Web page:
Getting ready for the EU MDR: Timelines for manufacturers
14 March 2018
In the first post of our "Getting ready for the MDR" series, we have a look at the key timelines that manufacturers need to be aware of as they prepare for the application of the EU Medical Devices Regulation (MDR).
Time is going by fast and the new MDR will soon become applicable. Its application date is set at 26 May 2020, following a three year transitional period from its entry into force on 25 May 2017.
However, the date of application of the MDR is subject to several derogations. We outline below the key timelines that manufacturers need to be aware of in order to prepare for the changes brought by the MDR to the current regulatory framework established by the Medical Devices Directive (MDD) and the Active Implantable Medical Devices Directive (AIMDD).
I. Before 26 May 2020
Early MDR application
Manufacturers will be able to seek certification of their medical devices under the MDR even before its date of application, i.e. 26 May 2020. This will be possible as soon as the first notified bodies having obtained MDR designation from the competent authorities will become available. In that respect, notified bodies have been able to apply for MDR designation since 25 November 2017, further to a Commission implementing regulation providing a list of codes for the designation of notified bodies under the MDR. According to the NBOG’s Best Practice Guide, it is expected that the first notified bodies will obtain MDR designation in July 2019, less than a year before the application of the MDR.
Assuming manufacturers will have obtained MDR certification of their devices in time, they will be able to place them on the market under the MDR provisions even before 26 May 2020.
II. After 26 May 2020
MDD and AIMDD certificates
After 26 May 2020, medical devices covered by a valid MDD or AIMDD certificate will still be able to be placed on the EU market until expiration of their certificate (and no later than 27 May 2022 in case of "Annex 4/IV" certificates granted prior to 25 May 2017). For devices which MDD or AIMDD certificates were issued after the entry into force of the MDR (25 May 2017), all certificates will last no more than five years and will become void on 27 May 2024 at the latest.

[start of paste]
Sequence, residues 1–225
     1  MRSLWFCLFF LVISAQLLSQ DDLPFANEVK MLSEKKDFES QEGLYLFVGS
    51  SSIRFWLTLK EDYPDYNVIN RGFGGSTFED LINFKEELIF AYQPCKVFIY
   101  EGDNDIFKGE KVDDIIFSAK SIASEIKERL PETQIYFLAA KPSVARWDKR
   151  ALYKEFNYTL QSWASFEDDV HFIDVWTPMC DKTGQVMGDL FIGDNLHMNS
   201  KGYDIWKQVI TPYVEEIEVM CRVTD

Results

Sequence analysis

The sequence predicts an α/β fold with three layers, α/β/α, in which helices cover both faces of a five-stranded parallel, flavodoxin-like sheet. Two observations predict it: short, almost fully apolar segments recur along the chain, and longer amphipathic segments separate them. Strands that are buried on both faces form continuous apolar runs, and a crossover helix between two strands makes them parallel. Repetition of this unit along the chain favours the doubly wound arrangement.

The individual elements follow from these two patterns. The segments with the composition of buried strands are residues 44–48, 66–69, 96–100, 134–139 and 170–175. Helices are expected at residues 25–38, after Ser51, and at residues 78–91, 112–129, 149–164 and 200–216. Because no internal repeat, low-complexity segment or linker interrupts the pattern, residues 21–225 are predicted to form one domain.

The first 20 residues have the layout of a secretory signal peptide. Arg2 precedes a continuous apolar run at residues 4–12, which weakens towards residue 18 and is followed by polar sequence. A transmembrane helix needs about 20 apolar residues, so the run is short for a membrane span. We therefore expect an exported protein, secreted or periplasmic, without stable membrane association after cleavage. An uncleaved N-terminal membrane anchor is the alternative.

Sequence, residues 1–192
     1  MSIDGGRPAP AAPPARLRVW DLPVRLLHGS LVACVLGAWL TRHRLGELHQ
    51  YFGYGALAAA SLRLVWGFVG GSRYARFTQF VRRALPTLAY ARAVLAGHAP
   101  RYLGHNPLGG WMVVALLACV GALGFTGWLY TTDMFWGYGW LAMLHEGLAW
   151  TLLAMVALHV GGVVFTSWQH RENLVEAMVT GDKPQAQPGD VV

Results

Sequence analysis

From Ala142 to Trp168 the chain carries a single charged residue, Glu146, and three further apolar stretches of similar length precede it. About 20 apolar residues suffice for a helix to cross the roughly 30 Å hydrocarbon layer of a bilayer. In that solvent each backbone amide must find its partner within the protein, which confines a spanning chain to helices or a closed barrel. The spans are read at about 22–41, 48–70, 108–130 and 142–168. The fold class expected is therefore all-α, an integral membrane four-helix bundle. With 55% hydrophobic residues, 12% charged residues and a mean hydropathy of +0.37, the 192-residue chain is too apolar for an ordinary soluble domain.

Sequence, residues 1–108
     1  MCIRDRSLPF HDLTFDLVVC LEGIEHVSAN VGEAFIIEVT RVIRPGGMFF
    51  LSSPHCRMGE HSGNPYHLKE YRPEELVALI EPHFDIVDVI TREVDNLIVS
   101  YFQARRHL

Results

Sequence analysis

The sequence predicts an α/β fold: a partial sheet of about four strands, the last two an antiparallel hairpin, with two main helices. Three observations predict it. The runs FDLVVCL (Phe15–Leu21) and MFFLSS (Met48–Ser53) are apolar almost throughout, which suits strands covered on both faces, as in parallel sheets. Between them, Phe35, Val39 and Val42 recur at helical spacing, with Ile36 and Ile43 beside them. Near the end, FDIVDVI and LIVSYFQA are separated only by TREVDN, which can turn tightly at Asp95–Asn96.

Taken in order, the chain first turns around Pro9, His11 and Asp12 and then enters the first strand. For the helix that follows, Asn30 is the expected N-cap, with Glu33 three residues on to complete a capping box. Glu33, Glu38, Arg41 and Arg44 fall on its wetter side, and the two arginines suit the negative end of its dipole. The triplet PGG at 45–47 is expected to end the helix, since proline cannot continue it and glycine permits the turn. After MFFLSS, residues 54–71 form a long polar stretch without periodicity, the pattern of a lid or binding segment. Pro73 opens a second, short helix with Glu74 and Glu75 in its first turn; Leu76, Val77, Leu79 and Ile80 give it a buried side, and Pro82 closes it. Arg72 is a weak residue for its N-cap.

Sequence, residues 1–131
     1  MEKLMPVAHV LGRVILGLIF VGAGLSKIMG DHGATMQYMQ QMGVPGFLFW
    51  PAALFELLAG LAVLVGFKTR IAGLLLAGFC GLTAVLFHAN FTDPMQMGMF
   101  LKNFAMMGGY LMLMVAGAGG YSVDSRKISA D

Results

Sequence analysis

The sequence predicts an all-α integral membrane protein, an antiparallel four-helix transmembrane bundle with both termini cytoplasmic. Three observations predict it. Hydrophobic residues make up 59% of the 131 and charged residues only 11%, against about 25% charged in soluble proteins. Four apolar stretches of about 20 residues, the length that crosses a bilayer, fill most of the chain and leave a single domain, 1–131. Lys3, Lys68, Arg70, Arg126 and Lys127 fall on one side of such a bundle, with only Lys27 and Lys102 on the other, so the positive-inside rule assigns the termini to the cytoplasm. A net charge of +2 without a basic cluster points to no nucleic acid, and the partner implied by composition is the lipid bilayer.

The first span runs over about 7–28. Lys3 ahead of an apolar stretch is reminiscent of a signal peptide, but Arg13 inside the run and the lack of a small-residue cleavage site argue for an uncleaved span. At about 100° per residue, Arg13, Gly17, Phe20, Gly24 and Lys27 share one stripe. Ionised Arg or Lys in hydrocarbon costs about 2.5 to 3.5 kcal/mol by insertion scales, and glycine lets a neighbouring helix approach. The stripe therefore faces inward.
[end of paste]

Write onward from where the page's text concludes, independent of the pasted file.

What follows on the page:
Devices with MDD or AIMDD certificates lawfully placed on the market may continue to be available in the supply chain until 27 May 2025.
Manufacturers deciding to keep their MDD or AIMDD certificates after the application of the MDR will have to consider the following:
- The devices must continue complying with the MDD or AIMDD;
- Manufacturers must avoid any significant changes in the design or the intended purpose of their devices; and
- They will need to comply with the MDR in relation to post-market surveillance, market surveillance, vigilance, registration of economic operators and of devices.
Additionally, the MDR provides that the notified body that has issued the MDD or AIMDD certificate continues to be responsible for surveillance in respect of all the above requirements (which may become problematic if the notified body has ceased its activities).
The MDR provides that clinical investigations initiated under the MDD or AIMDD rules before 26 May 2020 can continue to be conducted. However, from that date the reporting of serious events and device deficiencies must be carried out in accordance with the MDR provisions.
The MDR has introduced a system of identification and traceability of medical devices – the "Unique Device Identification" (UDI). The UDI is an alphanumeric code created by internationally accepted device identification and coding standards, which manufactures are required to place on the label or packaging of each medical device. This regulatory initiative aims at enabling better device traceability and a higher level of patient safety and transparency in the EU.
Manufacturers’ obligation to place the UDI on the label or packaging of their devices will become applicable in accordance with the following timeline, which depends on the device classification:
- 26 May 2021 for implantable devices and class III devices (if reusable: 26 May 2023);
- 26 May 2023 for class IIa and class IIb devices (if reusable: 26 May 2025);
- 26 May 2025 for class I devices (if reusable: 26 May 2027).
The UDI system will be operated by one or several issuing entities designated by the European Commission by means of implementing acts. The MDR provides that GS1, HIBCC, and ICCBBA will be the issuing entities until the moment the European Commission adopts the corresponding implementing acts.
As we approach the date of application of the MDR, it is key for manufacturers to understand the relevant consequences that every provision may have on their business and prioritise their steps in transitioning to the new regulatory framework.
This post was co-authored by Eftychia Sideri & Marco de Morpurgo.